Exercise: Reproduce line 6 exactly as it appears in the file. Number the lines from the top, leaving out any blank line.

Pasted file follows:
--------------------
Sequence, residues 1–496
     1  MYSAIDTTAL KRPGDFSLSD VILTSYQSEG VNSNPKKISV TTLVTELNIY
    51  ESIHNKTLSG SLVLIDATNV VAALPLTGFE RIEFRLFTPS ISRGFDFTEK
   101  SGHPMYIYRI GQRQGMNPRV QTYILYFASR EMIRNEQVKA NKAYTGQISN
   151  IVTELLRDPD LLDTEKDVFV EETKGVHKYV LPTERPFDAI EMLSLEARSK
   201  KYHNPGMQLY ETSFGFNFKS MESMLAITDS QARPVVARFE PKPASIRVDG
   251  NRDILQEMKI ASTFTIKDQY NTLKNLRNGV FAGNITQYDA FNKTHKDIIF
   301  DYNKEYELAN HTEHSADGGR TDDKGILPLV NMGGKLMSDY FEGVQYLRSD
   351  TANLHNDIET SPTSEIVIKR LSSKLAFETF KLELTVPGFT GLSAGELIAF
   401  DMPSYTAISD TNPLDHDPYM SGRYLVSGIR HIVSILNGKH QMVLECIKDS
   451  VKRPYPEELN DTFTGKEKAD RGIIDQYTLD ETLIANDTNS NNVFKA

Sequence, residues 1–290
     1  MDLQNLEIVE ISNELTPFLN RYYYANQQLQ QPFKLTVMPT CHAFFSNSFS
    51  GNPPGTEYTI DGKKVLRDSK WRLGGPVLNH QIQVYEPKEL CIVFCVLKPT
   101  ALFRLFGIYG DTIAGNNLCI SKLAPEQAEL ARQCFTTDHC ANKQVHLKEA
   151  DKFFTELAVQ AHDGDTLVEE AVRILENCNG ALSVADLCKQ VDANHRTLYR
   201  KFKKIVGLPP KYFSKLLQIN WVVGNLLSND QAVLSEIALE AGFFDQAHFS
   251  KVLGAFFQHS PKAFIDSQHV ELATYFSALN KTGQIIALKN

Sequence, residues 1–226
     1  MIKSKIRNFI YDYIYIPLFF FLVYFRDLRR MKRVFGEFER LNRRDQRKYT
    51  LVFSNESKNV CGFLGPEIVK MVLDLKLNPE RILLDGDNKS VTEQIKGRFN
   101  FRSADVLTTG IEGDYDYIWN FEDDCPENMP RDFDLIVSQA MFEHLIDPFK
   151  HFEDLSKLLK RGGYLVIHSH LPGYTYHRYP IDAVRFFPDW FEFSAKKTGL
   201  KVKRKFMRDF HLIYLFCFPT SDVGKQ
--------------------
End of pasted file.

   201  KYHNPGMQLY ETSFGFNFKS MESMLAITDS QARPVVARFE PKPASIRVDG